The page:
D.C. Mayor Reinstates Indoor Mask Mandate, Even for Fully Vaccinated
Following the latest CDC mask-wearing guidance, discussed and published in the following AF alert "The CDC and the Biden Administration Issue New Mask and Vaccine Guidance and Mandates, and Employers May Soon Follow Suit", D.C. Mayor Muriel Bowser has issued an executive order that requires everyone, even the fully vaccinated, to wear masks in indoor public settings, that includes, according to D.C. Health Department guidance:
- Any business or establishment open to members of the public (such as grocery stores, restaurants and bars (when not eating or drinking);
- Places of worship;
- Office buildings;
- Indoor entertainment venues;
- Common areas of apartment or condominium complexes;
- Special settings, such as schools, childcare, healthcare, correctional, and homeless shelter settings; and
- Public transportation, taxis, and ride-share vehicles.
Individuals also must wear a mask when in a workplace or establishment that requires them.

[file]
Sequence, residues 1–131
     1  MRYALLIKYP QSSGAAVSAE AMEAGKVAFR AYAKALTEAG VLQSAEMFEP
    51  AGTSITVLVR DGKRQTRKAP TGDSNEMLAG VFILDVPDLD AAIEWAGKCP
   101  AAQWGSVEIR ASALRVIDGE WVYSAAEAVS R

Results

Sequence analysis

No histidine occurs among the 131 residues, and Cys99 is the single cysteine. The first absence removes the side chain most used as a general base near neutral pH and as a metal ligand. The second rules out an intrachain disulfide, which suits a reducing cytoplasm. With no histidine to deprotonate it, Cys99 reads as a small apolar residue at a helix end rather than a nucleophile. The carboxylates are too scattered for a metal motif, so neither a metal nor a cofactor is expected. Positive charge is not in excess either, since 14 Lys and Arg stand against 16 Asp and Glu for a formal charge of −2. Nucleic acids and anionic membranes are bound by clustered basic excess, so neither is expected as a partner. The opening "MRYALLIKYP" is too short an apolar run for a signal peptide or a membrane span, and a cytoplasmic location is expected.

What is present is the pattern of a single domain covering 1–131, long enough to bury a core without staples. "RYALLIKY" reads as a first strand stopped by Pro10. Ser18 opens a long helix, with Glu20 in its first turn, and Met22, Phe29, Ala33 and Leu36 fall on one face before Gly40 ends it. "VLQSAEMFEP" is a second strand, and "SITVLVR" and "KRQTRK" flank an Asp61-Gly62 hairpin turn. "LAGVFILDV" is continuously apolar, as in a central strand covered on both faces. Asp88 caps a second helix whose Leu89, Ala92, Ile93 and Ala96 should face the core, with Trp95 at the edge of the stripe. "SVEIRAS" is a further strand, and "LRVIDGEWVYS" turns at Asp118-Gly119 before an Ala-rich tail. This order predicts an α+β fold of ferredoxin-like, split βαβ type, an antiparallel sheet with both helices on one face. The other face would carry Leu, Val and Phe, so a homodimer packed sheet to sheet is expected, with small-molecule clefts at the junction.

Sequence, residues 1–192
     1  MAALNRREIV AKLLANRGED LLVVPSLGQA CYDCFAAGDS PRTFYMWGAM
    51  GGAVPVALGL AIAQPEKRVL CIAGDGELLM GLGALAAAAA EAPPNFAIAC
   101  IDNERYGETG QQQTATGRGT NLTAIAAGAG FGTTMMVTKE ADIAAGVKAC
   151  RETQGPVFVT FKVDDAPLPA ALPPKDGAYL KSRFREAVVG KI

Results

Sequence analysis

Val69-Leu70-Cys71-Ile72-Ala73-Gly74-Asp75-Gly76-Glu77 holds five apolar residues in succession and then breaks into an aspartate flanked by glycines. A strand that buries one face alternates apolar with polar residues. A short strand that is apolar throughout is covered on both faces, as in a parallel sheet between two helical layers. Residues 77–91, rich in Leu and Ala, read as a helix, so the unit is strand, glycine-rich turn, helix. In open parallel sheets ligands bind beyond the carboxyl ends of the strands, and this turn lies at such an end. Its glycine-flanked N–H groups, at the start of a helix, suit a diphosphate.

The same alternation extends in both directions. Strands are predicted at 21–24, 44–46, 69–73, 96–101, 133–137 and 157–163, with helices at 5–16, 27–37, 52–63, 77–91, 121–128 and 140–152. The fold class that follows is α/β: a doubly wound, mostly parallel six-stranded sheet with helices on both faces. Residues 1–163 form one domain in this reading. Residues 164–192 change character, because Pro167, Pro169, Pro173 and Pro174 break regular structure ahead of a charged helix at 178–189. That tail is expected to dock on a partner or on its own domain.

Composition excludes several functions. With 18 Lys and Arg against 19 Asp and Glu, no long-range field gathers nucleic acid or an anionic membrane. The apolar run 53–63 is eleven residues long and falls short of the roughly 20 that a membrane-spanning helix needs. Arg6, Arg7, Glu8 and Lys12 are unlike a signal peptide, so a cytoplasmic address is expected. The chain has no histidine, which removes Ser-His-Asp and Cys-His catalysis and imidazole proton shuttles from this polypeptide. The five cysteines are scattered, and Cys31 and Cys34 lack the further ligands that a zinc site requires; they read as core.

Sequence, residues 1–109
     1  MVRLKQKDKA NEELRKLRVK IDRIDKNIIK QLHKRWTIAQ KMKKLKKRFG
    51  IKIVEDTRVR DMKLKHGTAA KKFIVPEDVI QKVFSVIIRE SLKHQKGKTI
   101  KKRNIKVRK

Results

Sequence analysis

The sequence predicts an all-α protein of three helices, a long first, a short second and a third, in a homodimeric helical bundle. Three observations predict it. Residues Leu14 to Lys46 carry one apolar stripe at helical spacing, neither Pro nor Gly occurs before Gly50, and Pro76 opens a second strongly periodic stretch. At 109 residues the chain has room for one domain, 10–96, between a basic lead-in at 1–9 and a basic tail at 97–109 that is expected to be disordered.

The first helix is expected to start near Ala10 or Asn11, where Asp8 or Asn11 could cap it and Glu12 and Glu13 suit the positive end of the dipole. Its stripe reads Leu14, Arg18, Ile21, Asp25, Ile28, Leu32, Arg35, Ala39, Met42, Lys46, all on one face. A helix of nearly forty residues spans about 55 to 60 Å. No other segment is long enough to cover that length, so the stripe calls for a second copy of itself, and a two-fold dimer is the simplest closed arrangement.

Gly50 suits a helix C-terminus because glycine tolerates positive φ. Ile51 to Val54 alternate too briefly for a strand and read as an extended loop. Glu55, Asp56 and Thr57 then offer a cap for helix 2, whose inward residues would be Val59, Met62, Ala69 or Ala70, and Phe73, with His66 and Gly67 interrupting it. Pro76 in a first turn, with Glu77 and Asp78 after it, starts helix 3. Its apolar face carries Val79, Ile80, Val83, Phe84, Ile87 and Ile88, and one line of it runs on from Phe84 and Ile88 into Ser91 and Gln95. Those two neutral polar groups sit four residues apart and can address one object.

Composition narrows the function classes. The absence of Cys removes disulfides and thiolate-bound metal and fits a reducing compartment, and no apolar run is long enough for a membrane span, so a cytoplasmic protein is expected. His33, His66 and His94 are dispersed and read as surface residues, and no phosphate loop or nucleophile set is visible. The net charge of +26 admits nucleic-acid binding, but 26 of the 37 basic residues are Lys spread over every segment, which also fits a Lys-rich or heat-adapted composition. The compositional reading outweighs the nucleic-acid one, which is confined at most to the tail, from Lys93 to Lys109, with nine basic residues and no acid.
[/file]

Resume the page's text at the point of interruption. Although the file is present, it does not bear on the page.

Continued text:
According to the Health Department, the mandate does not apply to individuals:
- Attending an indoor gathering at a private residence;
- Actively eating or drinking;
- Actively playing or training for indoor sports in a collegiate or professional sports setting;
- In the water at a swimming pool or aquatic facility;
- Alone in an enclosed office that no one else is permitted to enter;
- Giving a speech for broadcast or an audience, if no one is within six feet of the speaker;
- Speaking to or translating for a hearing impaired person;
- Required to use equipment for a job that precludes mask wearing and the person is wearing or using that equipment or wearing a mask would endanger public safety; or
- When the individual is lawfully asked to remove their mask for facial recognition.
Likewise, the mandate doesn’t apply to children younger than two and anyone who is unconscious, incapacitated, or otherwise unable to remove a mask without assistance. Nor does it apply when wearing a mask is not possible, such as when a small child has difficulty wearing a mask for an extended period or the individual has a medical condition, including a mental health condition, that makes mask wearing problematic.
The order authorizes businesses and other organizations to exclude or refuse service to individuals who aren’t wearing a mask and to ask them to leave the premises. Also, under the order, employers may “take appropriate actions against their employees who endanger themselves or others” by violating the order.
Individuals and businesses that knowingly violate the order, or its implementing regulations, are subject to civil and administrative penalties, including a fine of up to $1,000 or license suspension or revocation.
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